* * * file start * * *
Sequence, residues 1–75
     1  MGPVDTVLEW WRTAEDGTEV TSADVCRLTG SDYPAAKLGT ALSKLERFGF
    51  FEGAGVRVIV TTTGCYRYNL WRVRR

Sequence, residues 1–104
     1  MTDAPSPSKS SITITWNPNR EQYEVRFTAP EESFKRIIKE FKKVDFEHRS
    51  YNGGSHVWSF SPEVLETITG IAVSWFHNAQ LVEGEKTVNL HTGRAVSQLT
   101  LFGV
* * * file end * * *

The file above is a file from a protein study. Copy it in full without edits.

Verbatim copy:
Sequence, residues 1–75
     1  MGPVDTVLEW WRTAEDGTEV TSADVCRLTG SDYPAAKLGT ALSKLERFGF
    51  FEGAGVRVIV TTTGCYRYNL WRVRR

Sequence, residues 1–104
     1  MTDAPSPSKS SITITWNPNR EQYEVRFTAP EESFKRIIKE FKKVDFEHRS
    51  YNGGSHVWSF SPEVLETITG IAVSWFHNAQ LVEGEKTVNL HTGRAVSQLT
   101  LFGV